Some Final Thoughts – Ways to Rock WordPress Sites for Clients

by on January 3, 2017

Ways to rock WordPress sites for clients

Some Final Thoughts – Ways to Rock WordPress Sites for Clients

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< Back to Chapter 12 – My Story: Getting Started with WordPress Development

WordPress Development for Noobs has been an ongoing series for people who want to learn how to make WordPress sites, and be useful to others in that regard. You can check out all of the chapters here, or read on for some final thoughts and how to rock WordPress sites for clients. I’ve worked on around 50 WordPress sites so far – and have a crazy amount of positive testimonials if you want to see how my clients regard my work and process. 

What you will learn in this article:

Some final thoughts on ‘WordPress Development for Noobs’

Writing this book has helped me recognize the value in my expertise, and I’ve had several people reach out and ask for help in learning WordPress development during the writing. My site is very targeted for WordPress design and development, so if someone searches for WordPress Minneapolis they’ll likely see me. I do my best to help a little bit with every inquiry. WordPress is in demand, don’t get it twisted – as of 2015, 50% of the top one million websites are powered by WordPress, and a lot of small to mid-size businesses are familiar with it. WordPress, as opposed to budget do-it-yourself website builders, is highly scalable, both with e-commerce sites under 1,000 sku’s (with WooCommerce) and an unlimited amount of organizational systems with custom post types, taxonomies and fields. If you do WordPress web development right, it’s highly editable for clients as well – so study up and get busy.

small-blue-legoDon’t take my word for any of this – you don’t really learn it until you implement in the wild:

 

This is all a start – the field manual to start you on a journey. But your ongoing learning process will be guided by your Google skills, Stack Overflow, and getting around other talented designers and developers on your way to mastery. In development, the key is settling in for the long haul. The more speed bumps you get over on your way, the less competition you’ll have because half of the people who set out will turn back and take an easier profession. There’s always the chance that you really are not well-suited for web development, but don’t make that decision easily – because this stuff is tough for many, but worth it in the long run. The excitement will come in waves, as you jump one hurdle and see it working and feel the enjoyment of helping clients tell their story to the world. That’s my story. One kid who started early, came up against the difficulty of finding his way, experienced hard-fought elation as he conquered the resistance and started being useful for people in this devotion to helping people and clients. The time has come when I’m doing my best to share these experiences and perhaps your life will be better for it, too. That’s my hope.

How to get more WordPress Web Design clients

It’s not always easy when you’re just starting out. I do think the best way to learn is to make websites for REAL THINGS, not imaginary concept websites that will get tossed to the side, and never face the pressure of real-world constraints. At least this has been my experience. Start with a non-profit, modify a simple basic theme, but always look for the thing that you bring to the table that other web designers/developers don’t have. Look for that creative spark, that extra piece of value to make the project awesome.

If you find this individuality in your process, and start to emphasize it while you’re selling your services, you’ll have a lot more success gaining WordPress clients.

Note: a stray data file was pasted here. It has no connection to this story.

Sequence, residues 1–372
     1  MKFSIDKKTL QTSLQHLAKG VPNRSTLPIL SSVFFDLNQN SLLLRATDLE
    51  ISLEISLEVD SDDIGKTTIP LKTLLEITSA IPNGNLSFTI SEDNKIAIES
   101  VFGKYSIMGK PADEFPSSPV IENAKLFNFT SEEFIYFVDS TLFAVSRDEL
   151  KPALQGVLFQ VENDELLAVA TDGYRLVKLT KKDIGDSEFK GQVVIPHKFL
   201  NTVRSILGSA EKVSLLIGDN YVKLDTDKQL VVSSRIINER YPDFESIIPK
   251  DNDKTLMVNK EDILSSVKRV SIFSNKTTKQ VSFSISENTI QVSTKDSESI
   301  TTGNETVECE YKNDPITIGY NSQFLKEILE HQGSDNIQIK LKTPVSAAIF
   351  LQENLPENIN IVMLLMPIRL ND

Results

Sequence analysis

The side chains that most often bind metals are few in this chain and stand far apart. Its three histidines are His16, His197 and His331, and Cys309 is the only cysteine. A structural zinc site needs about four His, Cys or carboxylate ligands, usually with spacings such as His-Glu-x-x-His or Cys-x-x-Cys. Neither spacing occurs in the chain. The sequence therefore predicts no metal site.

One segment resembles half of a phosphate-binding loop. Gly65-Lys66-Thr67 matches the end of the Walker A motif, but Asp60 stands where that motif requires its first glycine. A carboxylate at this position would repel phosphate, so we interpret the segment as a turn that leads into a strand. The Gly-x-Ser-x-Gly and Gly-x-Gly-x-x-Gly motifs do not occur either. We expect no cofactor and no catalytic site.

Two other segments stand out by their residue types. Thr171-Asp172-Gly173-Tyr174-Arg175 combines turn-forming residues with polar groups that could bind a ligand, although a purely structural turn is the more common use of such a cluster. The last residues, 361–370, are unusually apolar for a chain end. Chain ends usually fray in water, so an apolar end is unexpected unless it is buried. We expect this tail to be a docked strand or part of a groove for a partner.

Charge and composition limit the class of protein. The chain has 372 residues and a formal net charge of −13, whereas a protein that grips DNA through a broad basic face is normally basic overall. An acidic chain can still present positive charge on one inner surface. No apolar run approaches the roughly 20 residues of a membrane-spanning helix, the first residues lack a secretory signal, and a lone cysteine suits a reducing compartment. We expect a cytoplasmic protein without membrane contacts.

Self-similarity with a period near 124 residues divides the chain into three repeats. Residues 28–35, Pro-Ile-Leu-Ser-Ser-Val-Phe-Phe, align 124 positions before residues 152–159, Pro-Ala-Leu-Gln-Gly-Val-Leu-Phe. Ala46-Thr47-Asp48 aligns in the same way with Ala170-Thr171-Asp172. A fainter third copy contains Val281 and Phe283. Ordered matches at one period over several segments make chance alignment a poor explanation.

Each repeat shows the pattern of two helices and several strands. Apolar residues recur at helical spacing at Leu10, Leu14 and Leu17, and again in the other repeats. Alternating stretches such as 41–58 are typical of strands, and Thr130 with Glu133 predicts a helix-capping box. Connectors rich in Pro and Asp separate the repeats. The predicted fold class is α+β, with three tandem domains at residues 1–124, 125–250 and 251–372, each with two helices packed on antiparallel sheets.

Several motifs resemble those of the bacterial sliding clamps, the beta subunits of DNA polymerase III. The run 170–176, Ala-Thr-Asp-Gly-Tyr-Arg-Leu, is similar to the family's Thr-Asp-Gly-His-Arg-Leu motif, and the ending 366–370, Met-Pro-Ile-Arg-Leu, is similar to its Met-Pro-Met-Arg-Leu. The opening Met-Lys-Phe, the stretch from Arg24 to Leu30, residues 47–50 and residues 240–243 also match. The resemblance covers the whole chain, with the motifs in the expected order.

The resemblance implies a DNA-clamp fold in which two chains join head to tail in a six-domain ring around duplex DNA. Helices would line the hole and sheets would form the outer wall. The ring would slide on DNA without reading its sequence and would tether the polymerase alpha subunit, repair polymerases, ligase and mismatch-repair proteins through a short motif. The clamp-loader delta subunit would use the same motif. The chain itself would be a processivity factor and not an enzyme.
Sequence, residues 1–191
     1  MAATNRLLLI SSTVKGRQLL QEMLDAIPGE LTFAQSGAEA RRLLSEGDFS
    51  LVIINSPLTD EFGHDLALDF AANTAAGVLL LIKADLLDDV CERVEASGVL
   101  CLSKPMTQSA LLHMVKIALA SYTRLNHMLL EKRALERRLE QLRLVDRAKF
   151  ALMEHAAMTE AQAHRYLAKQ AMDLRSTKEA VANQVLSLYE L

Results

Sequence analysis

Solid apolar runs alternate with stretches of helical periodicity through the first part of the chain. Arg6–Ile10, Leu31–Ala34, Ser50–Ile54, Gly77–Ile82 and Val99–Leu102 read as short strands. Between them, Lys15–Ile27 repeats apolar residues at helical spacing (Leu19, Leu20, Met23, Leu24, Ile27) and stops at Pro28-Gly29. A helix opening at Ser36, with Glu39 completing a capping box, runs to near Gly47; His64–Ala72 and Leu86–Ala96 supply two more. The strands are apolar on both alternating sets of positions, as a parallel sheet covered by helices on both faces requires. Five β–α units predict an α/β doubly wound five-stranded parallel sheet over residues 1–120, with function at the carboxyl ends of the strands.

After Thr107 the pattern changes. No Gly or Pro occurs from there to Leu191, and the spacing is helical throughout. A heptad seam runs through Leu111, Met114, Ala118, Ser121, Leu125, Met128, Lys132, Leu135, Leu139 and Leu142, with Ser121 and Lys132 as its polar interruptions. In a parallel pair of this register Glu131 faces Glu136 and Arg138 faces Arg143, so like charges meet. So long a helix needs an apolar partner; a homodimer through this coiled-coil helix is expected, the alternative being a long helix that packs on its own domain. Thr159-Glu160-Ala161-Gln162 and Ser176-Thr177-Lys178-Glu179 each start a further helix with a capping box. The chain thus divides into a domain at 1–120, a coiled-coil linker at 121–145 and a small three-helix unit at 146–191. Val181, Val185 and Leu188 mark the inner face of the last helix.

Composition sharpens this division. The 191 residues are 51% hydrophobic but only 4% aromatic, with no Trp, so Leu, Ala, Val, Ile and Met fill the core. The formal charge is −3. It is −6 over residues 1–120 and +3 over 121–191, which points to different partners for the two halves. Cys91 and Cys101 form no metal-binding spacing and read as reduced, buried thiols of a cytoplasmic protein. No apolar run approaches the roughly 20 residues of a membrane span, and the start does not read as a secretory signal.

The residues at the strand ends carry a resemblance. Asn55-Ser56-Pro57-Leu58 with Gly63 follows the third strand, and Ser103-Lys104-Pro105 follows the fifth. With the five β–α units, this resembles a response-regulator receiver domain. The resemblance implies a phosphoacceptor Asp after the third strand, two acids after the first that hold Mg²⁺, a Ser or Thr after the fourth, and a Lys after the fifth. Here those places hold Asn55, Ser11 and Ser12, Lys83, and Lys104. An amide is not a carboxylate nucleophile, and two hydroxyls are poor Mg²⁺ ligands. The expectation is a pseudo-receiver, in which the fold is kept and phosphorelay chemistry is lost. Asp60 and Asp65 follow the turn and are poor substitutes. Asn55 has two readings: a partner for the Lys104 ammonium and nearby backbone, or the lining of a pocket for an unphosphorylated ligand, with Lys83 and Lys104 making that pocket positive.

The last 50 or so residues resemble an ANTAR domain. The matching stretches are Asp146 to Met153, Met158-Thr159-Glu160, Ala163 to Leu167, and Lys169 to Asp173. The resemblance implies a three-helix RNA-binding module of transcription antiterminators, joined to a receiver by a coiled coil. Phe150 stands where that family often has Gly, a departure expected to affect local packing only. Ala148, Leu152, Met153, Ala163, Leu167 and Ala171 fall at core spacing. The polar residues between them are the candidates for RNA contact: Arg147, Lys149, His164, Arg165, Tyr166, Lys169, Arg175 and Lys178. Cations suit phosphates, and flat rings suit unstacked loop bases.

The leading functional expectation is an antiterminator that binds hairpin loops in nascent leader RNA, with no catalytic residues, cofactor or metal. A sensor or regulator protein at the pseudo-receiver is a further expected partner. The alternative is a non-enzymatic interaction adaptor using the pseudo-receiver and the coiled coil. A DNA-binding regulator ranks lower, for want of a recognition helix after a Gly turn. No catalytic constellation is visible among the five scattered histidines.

I’ll tell you the story of my first four clients to give you an idea how one guy got started:

1. I offered to create an HTML version website for very cheap ($500 and an Ipad) to my girlfriend’s mother in law’s non-profit. It was quite a bit of work for not a lot of pay, but I got some much needed real-world experience.

2. Knowing I didn’t want to have to make changes 10 times (on all the different templates) I wanted a CMS that made it easier to make sitewide changes, I connected with a friend of my girlfriend who owned a gym and offered my branding and web design help – modifying a simple responsive theme. I focused on little delightful touches that would set the site apart from many generic websites.

3. I joined a promotion for a local culture magazine where I traded my web design services that they auctioned off for $6,000 worth of advertising. I made an advertisement that emphasized my commitment to thinking outside the box and getting to the bottom of what makes people special (my differentiation is being a marketing consultant as well), and got two new clients by running the ad. One was a local music venue – I biked and bussed to that appointment, wiping off sweat on my way in. I told the person I was meeting with I was somewhat fresh to this but was 100% committed to making it worth it for them. 

4. The other client I got from this ad was a antique clock dealer and craftsman – who understood that I was new to web design and development as well, and was super encouraging because he was a single owner/operator and was adamant I would love freelancing. I was realizing that creating value for clients as an entrepreneur could be a legitimate business pursuit, with good energy coming from those I was working for, even if I felt a little fresh to the venture sometimes.

 

small-blue-legoYour story may be totally different, but hustle will be your friend. Go one step beyond the competition to get one more level of success. 

Yes, you’re competing with all the other web designers and developers in your area. This may not matter as much when you’ve been around for a little while, have 10–20 websites under your belt, testimonials to prove successful and positive results – but in the meantime, you have to work hard. I’m not the guy who’s going to tell you I have an algorithm to implement and you get to sit back and chill because that just isn’t my story. I worked longer hours than a lot of the people that were trying to do the same thing as me, and some of them are baristas three years later.